Linked by Thom Holwerda on Sun 26th Aug 2012 10:28 UTC
PDAs, Cellphones, Wireless In light of the jury verdict in Apple vs. Samsung, the one-liners and jokes flew back and forth. One in particular, by Dan Frakes, has been copied and pasted all over the web, and it goes like this: "When the iPhone debuted, it was widely criticized for having no buttons/keys. Now people think the iPhone's design is 'obvious'." This is a very common trend in this entire debate that saddens me to no end: the iPhone is being compared to simple feature phones, while in fact, it should be compared to its true predecessor: the PDA. PDAs have always done with few buttons.
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RE[2]: Problem
by Thom_Holwerda on Tue 28th Aug 2012 09:22 UTC in reply to "RE: Problem"
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The fun part: I actually HAVE a Newton. It uses a UI paradigm (notebook paradigm) which was short-lived and died out quickly in favour of Palm's application-centric UI, which iOS, Android, and everybody else in the mobile space copied 1:1.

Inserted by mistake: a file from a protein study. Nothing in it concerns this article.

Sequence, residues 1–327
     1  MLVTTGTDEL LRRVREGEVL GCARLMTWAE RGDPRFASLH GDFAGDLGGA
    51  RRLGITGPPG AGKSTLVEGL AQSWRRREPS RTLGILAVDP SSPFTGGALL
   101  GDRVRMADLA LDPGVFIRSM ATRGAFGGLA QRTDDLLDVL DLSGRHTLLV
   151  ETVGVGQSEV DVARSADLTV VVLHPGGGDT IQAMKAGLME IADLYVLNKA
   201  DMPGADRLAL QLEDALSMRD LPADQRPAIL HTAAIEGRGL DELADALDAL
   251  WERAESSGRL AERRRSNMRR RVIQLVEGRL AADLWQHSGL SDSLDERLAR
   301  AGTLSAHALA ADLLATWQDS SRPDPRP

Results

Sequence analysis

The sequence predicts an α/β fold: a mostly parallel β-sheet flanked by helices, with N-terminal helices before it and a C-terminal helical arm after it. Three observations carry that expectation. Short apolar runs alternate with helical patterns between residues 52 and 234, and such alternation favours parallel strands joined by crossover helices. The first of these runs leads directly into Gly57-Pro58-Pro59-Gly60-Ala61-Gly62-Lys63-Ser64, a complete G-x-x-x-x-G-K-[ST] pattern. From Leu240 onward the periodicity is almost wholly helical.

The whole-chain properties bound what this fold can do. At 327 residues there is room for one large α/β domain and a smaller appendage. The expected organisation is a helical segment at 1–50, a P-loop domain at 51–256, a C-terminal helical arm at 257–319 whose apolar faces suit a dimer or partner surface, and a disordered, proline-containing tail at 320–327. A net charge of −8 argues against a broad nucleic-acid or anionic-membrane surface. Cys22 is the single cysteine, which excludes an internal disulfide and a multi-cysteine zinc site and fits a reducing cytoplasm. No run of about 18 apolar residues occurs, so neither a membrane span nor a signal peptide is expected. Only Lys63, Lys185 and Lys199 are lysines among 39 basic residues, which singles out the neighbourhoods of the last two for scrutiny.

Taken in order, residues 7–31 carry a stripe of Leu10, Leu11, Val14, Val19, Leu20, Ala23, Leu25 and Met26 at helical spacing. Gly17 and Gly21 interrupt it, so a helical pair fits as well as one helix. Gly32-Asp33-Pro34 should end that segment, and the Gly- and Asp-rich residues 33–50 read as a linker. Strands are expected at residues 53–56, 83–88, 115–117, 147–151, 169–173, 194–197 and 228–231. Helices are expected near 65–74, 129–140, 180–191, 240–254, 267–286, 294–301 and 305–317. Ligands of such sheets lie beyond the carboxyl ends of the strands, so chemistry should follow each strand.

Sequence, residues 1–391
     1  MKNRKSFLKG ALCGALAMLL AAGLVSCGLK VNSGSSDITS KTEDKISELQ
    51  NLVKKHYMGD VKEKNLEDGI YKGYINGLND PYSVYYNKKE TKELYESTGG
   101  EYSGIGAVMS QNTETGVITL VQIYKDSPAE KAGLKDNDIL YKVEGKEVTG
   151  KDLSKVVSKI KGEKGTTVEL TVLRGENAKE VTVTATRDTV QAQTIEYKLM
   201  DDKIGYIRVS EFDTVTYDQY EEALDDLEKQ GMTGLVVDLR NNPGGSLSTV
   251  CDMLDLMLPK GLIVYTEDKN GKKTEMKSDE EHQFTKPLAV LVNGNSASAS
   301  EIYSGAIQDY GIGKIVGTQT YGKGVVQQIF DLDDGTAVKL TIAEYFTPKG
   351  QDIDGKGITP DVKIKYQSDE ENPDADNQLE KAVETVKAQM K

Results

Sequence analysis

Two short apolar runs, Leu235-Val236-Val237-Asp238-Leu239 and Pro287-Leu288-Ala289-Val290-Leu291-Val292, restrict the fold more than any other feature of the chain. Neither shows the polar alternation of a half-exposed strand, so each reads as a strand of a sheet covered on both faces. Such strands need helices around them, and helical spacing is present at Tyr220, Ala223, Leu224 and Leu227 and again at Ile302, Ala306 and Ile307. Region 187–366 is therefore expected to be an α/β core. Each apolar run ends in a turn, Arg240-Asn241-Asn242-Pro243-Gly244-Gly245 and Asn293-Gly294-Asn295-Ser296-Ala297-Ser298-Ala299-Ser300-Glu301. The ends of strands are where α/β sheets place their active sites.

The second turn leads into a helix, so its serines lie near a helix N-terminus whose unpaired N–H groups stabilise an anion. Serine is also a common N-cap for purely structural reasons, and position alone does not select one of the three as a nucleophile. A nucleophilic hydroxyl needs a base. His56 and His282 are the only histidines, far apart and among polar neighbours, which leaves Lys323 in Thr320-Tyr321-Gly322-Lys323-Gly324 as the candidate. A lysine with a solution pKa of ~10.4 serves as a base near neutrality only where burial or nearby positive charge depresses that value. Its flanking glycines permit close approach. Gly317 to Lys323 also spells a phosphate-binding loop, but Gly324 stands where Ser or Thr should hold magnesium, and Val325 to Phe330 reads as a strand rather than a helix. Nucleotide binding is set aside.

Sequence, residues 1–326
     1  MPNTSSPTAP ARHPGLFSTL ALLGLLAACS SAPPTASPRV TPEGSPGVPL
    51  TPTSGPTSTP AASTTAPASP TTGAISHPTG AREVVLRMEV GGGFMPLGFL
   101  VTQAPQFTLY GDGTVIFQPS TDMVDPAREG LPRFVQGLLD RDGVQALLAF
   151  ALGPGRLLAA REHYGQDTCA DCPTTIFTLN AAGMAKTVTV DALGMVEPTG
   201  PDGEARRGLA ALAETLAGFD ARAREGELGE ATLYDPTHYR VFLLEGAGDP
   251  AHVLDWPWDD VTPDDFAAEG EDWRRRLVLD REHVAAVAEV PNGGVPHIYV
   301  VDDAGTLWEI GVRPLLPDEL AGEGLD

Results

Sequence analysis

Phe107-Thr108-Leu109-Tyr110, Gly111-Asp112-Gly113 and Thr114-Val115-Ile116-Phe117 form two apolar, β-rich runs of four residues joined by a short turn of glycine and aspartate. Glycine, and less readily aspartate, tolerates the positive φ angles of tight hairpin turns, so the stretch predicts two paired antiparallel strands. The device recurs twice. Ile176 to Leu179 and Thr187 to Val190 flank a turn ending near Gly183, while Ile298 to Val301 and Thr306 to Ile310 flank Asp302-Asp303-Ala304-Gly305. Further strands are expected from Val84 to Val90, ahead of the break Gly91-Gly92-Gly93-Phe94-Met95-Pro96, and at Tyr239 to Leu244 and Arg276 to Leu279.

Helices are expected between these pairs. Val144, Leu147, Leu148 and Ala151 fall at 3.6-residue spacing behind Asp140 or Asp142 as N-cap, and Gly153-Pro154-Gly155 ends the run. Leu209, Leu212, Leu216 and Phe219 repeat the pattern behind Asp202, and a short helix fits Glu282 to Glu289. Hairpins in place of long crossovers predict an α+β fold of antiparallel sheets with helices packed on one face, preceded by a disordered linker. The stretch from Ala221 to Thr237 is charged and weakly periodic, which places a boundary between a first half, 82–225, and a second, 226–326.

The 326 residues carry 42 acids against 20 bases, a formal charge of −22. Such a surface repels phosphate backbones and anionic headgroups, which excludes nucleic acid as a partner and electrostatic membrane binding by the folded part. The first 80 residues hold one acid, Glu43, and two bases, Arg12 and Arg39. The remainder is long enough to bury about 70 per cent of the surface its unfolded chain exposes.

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RE[3]: Problem
by zima on Thu 30th Aug 2012 01:07 in reply to "RE[2]: Problem"
zima Member since:

BTW Newton and pointing out ~contemporary early PDAs, like the Tandy Zoomer - I stumbled recently on another that might be also worth mentioning. From

In 1993 [...] Amstrad released the PenPad, a PDA similar to the Apple Newton, and released only weeks before it. It was a commercial failure, and had several technical and usability problems. It lacked most features that the Apple Newton included, but had a lower price at $450.

Now, it was apparently a quite horrible device (links in particularly the video review) ...but then, all of those very early models were more or less horrible (starting with the basic idea of handwriting recognition - WE can hardly read even our OWN handwriting, NVM from other people)

PS. WRT to one bit of your article...

This was a very common scenario for me on my beloved iPaq: I'd be watching a Futurama episode on my iPaq [...] when an email arrived. I could pause the video, switch to my email client, read the email, and go to the link mentioned therein. [...] I could write and send a reply, and go back to watching the video where I left off.

And I'm not entirely convinced it's a good thing... ;) (interruptions, stealing focus, and so on; still, I can't help also doing the same thing)

Edited 2012-08-30 01:11 UTC

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